Alongside this, Brexit has caused some confusion surrounding how UK and EU copyright will be affected; and for the most part, it won’t be. This is primarily because of a substantial part of copyright law being derived from the EU Copyright Framework. Under the powers of the European Union (Withdrawal) Act 2018, the UK introduced the Intellectual Property (Copyright and Related Rights) (Amendment) (EU Exit) Regulations 2019. Under this legislation, UK copyright will be protected in the EU, and vice versa.

Find out how you can stay secure with a VPN for the UK.


EU flag

With regard to copyright, Europe is mostly governed by the EU, which has had a significant impact on the evolution of copyright legislation. As mentioned throughout this article, the ECJ banned the sale of "pre-loaded" Kodi boxes, intending to halt the sale of devices which pirate copyrighted materials. For users, this means that they cannot sell a Kodi device which contains third-party add-ons, and that the use of streaming copyrighted materials through third-party add-ons also constitutes a criminal act.

Other regions

India and China flags

Nations such as India and China have come under considerable scrutiny regarding copyright infringement and punishment, with India having an arguably incapable approach that has generated a substantial backlog of cases. Notably, India places the onus of criminal activity on the distributor more so than the viewer, despite ongoing legal discourse and action.

Meanwhile, China has also found itself at the heart of controversy surrounding Intellectual Property Rights more generally. But despite this, the greatest issue for Kodi users in China is the mass censorship imposed by the government, rather than a focus on illegal streaming.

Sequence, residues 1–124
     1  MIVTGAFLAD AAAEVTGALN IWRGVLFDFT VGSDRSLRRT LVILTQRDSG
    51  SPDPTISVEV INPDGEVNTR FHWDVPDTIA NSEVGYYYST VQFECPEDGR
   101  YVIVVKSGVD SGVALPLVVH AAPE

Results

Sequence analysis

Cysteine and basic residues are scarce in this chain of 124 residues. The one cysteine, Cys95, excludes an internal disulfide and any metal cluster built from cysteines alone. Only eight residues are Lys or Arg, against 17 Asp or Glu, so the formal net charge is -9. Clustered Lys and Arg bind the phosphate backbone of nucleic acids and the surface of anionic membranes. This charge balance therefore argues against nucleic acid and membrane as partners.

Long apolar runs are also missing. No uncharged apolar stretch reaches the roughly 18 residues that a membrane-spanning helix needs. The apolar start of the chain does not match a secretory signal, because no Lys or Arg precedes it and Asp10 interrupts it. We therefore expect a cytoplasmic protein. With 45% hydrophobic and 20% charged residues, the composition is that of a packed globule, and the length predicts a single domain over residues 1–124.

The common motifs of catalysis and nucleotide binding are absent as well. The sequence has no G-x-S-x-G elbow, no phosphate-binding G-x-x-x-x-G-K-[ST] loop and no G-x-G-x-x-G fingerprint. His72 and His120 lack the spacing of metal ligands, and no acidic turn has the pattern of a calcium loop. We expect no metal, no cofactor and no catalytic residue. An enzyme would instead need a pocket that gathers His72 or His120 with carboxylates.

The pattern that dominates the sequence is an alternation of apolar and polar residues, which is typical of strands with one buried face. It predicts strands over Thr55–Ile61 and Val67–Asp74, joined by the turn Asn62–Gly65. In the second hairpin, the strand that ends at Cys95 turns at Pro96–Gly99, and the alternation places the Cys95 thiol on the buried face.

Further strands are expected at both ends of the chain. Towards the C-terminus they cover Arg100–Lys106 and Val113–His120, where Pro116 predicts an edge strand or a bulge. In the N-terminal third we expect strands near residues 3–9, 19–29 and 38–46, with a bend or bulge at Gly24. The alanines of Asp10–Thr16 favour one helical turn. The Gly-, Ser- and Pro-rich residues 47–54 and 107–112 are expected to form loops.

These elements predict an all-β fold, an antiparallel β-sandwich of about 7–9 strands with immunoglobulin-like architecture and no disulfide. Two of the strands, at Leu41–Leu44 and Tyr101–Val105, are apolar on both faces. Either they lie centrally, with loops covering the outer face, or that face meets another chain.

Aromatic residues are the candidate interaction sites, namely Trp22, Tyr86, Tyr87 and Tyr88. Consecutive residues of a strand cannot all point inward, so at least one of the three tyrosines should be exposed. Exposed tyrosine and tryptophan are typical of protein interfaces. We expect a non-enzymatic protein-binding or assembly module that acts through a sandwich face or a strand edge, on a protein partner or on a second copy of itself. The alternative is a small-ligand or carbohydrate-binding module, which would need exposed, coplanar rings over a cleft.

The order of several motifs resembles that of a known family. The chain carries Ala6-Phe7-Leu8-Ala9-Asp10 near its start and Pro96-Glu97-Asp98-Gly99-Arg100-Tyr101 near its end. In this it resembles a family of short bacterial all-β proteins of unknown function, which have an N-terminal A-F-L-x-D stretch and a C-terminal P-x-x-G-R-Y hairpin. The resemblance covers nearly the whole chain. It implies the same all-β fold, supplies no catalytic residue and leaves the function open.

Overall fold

Check out our World Privacy Report to find out how to stay secure online in your country.

Is Kodi safe?

So how safe is Kodi? Well, that depends on how you use it. In its vanilla state, Kodi is safe (though it is still vulnerable to targeted attacks, such as man-in-the-middle attacks that seek to steal personal information), and the official add-ons in the Kodi repository are also safe and without malware.

However, using third-party and unofficial add-ons and streaming content can also put you and your device at risk. When using Kodi, your Internet Service Provider (ISP) can monitor your usage and report any illegal activity to the relevant authorities. With this in mind, using illegal Kodi add-ons can see you falling foul of copyright legislation, and facing the consequences of such actions.

How to stay safe on Kodi

The best way to stay safe on Kodi is to use it as it is supplied, with only the official add-ons’ and to couple it with a VPN so that you are protected from attacks. For a curated list of the best VPNs to use with Kodi, click the link.

Written by: Andreas Theodorou

Andreas is Content Editor at Having graduated with a first-class BA (Hons) in English, he completed a Master of Research degree at Liverpool John Moores University and has continued to pursue research at every opportunity. Andreas started as a Tech Writer/Expert Reviewer at ProPrivacy before stepping up as Content Editor. A devout researcher, wordsmith, and foodie, he can usually be found at his computer, in the kitchen, or tinkering with (what used to be) a car.